Best Natural Protein Powders

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Last Updated: Oct 09, 2020

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To find the best protein powder on the market, I have tested and analyzed over a dozen protein powder brands and seven different types of protein, including whey, casein, egg, beef, chicken and collagen.

My goal in covering such a wide variety is to help you find one that meets your specific nutritional requirements and fitness goals — regardless of whether you’re on paleo, keto or any other healthy diet.

To my vegan friends (or anyone else who follows a plant-based diet): I’ve published an updated review of the best plant-based protein powders.

All of the natural protein powders in this roundup contain only clean ingredients without any artificial sweeteners, fillers or proprietary blends.

How Do You Choose a Good Protein Powder?

The workout supplement market is flooded with cheap, ineffective, and sometimes dangerous products that can make you sick. That’s because the Food and Drug Administration (FDA) doesn’t regulate the supplement industry with the same rigor as it regulates drug manufacturers.

As a result, manufacturers can claim virtually anything they want on their labels. That makes it difficult for consumers to shop for products that actually work. And the bad news is that most workout supplements are ineffective and amount to a waste of money.

As a former professional track athlete who represented Austria at numerous international competitions, I learned that the hard way. That’s one of the reasons why I decided to write this article and to share what I know — so that you can make better purchasing decisions than I did.

The fact is that some of the best-selling protein powder supplements — such as the ones you can find at Walmart and Costco — are crap products that over-promise and under-deliver.

What’s worse, they often contain inflammatory ingredients — such as artificial flavors, colors and sweeteners — that increase your risk of developing a chronic disease in the long-run.

All the protein powders I cover in this review are natural and don’t have any of those inflammatory ingredients. Instead, they contain carefully-processed protein from animal-based sources.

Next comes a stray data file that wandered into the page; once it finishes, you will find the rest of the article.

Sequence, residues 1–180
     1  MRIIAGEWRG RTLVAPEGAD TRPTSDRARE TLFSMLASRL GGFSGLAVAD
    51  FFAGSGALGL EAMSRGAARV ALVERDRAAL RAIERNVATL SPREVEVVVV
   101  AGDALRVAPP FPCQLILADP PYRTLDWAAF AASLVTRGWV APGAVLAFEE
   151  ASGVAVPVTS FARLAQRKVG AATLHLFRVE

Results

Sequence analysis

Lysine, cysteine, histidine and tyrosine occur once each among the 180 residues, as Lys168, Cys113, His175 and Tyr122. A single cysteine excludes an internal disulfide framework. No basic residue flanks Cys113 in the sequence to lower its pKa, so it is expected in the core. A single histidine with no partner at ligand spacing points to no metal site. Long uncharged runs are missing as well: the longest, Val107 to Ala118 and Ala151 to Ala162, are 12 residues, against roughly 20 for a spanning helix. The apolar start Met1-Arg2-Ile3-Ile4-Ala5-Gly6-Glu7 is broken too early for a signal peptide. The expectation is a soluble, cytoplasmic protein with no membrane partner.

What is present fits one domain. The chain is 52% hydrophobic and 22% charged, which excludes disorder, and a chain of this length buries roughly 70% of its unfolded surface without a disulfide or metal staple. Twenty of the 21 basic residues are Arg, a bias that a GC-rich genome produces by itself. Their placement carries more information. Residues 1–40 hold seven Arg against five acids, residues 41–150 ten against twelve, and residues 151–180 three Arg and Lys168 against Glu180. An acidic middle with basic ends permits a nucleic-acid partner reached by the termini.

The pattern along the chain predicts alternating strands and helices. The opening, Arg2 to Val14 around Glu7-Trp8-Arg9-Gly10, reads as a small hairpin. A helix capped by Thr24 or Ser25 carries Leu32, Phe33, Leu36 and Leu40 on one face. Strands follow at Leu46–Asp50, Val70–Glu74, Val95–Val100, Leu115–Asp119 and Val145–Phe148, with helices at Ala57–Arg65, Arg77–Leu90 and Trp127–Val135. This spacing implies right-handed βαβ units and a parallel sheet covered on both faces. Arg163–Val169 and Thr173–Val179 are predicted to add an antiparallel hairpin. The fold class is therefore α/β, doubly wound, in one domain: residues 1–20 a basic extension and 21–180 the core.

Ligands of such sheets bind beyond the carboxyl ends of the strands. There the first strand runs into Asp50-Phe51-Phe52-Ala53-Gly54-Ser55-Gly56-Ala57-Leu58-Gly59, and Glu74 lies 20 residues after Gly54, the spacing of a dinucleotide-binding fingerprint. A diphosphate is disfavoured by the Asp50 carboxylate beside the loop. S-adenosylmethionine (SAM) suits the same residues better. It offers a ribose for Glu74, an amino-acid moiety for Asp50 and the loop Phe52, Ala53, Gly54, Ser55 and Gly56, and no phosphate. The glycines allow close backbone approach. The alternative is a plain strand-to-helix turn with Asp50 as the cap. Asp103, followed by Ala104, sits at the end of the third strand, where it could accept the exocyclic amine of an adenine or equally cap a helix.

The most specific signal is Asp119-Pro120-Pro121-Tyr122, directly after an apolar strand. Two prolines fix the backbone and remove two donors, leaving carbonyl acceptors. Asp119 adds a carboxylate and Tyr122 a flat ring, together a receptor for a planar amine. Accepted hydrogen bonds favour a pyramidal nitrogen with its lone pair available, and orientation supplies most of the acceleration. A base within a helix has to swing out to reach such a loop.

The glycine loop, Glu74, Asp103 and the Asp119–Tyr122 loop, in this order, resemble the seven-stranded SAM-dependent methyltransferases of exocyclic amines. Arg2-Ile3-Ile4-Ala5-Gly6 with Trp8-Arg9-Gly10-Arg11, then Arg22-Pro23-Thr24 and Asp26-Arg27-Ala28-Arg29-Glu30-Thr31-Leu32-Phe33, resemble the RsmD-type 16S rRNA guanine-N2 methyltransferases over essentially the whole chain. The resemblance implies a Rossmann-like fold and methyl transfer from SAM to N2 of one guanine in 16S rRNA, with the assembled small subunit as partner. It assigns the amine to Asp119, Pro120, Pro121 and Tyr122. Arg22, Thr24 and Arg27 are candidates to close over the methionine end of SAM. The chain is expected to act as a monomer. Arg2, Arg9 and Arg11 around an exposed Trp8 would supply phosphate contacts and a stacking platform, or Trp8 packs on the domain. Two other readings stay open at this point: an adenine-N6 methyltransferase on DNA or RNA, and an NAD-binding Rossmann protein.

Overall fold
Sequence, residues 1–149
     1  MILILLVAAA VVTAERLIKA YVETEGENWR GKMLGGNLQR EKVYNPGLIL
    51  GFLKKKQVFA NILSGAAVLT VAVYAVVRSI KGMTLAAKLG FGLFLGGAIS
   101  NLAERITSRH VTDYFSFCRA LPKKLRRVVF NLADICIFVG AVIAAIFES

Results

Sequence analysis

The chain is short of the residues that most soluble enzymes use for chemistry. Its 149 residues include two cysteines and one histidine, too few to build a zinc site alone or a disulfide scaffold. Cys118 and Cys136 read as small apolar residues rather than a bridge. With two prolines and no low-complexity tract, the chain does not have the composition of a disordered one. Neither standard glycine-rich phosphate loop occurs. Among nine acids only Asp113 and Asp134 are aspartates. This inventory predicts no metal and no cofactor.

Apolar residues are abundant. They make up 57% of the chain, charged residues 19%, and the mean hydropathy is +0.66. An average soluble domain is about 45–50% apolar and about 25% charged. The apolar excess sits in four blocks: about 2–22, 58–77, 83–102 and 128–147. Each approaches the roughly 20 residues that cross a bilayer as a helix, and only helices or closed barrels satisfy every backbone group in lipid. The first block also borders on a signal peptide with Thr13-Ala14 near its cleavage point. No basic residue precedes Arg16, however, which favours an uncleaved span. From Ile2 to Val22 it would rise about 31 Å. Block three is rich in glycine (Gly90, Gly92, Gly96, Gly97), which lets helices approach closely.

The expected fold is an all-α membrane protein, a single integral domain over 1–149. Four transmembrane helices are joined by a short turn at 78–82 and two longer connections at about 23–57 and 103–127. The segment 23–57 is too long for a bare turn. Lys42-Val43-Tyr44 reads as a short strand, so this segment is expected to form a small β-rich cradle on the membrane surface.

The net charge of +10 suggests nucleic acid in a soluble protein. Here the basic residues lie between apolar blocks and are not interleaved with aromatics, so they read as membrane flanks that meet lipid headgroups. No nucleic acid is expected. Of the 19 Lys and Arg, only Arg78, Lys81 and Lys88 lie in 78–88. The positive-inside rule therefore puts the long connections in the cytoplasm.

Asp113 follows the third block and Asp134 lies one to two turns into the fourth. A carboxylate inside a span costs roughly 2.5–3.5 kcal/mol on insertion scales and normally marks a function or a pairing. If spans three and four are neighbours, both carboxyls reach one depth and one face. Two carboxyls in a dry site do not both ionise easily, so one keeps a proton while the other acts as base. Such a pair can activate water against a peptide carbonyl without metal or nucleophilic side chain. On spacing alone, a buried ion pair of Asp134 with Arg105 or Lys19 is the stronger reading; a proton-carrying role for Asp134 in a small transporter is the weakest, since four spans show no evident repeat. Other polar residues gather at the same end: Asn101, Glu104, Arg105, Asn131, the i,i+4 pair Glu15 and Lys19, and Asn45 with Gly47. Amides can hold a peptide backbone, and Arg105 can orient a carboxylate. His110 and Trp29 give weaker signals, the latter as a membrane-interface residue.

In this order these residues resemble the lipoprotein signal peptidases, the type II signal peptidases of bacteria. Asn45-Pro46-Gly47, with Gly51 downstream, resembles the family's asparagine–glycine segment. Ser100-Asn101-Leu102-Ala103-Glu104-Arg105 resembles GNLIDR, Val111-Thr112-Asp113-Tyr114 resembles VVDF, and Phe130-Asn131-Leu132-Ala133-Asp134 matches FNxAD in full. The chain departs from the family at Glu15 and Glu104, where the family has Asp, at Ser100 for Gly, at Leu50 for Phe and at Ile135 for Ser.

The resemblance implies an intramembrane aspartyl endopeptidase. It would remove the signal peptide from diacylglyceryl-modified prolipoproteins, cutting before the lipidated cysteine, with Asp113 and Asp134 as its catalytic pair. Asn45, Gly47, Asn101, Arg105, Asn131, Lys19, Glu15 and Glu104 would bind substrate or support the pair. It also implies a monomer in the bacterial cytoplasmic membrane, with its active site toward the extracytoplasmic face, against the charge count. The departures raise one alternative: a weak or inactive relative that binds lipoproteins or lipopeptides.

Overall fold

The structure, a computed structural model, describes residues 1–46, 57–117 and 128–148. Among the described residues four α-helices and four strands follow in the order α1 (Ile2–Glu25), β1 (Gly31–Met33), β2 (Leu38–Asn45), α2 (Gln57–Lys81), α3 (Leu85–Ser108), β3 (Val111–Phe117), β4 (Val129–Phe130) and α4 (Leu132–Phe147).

Best Whey Protein Powder

Whey ProteinRating
Ascent – Native Fuel Whey★★★☆☆
Do Vitamins – WonderWhey★★★★★
Naked Nutrition – Naked Whey★★★★★
Naked Nutrition – Naked Goat★★★★☆
Perfect Keto – Keto Whey Protein★★★★★
Primal Kitchen – Primal Fuel Whey Protein★★★★☆

Whey is one of the two primary milk proteins, and a by-product of cheese production. Technically, whey is the liquid part of the milk that’s left over after coagulation and curd removal.

The human body can absorb whey protein incredibly fast, which makes it a popular choice for athletes. Depending on the type of processing and filtration, whey protein powder exists in four primary forms:

  • WPP: Whey protein powder
  • WPC: Whey protein concentrate
  • WPI: Whey protein isolate
  • WPH: Whey protein hydrolysate

Check out my FAQ below for more information on the differences between these three forms.

Ascent – Native Fuel Whey

Ascent Native Fuel Whey - Best natural protein powders for building muscle and CrossFit
Ascent Native Fuel whey.
Pros
  • Minimally processed
  • Available in various flavors
  • Robust amino acid profile
Cons
  • Contains only limited quantities of “native whey” protein
  • Not grass-fed/pastured
  • Contains soy lecithin
  • Some flavors contain “natural flavors”

Ascent, a division of Leprino Foods, made its mark with the creation of what it calls “Native Fuel” whey. According to Ascent, the company has developed a minimalistic processing method that results in a product with a high ratio of individual naturally-occurring amino acids, such as leucine.

Leucine is the most important of the three branched-chain amino acids (BCAAs) as it triggers a process called muscle protein synthesis (MPS).

If you read the label of Ascent’s whey product carefully, you’ll see that “Native Whey Isolate” is only one of two components in the company’s whey isolate blend.

When I asked Ascent how much Native Whey their product contains, they didn’t share the details. They did add this, however:

We have limited quantities of Native proteins available as this facility scales up.  As a result, we formulated Ascent with a whey blend. 

Ascent

During my research, I have not been able to find much information about how exactly Ascent manufactures their Native Whey. I suppose the “how” is their secret sauce. So for now, we’ll have to take the information the company provides at face value.

I will say, however, that given Leprino’s 30-year history in manufacturing dairy products, they certainly have the expertise and credentials to produce a high-quality protein powder.

Nutritional Information

Protein TypeWhey Isolate, Whey Concentrate
Absorption rateFast
BCAAs per serving5.7g (2.7g leucine)
FlavorsUnflavored, chocolate, chocolate peanut butter, cappuccino, lemon sorbet, vanilla bean
Undesirable ingredientsSoy lecithin, natural flavors
Servings27
Protein per serving25g

Depending on the flavor you choose, Ascent Native Fuel has at least 1 or 2 additional ingredients that I don’t like: soy lecithin and “natural flavors.” You can learn more about why I don’t like those in the FAQ.

Ascent Native Whey is available in different flavors, including a plain version. The latter has a neutral taste, and you can mix it into shakes or smoothies.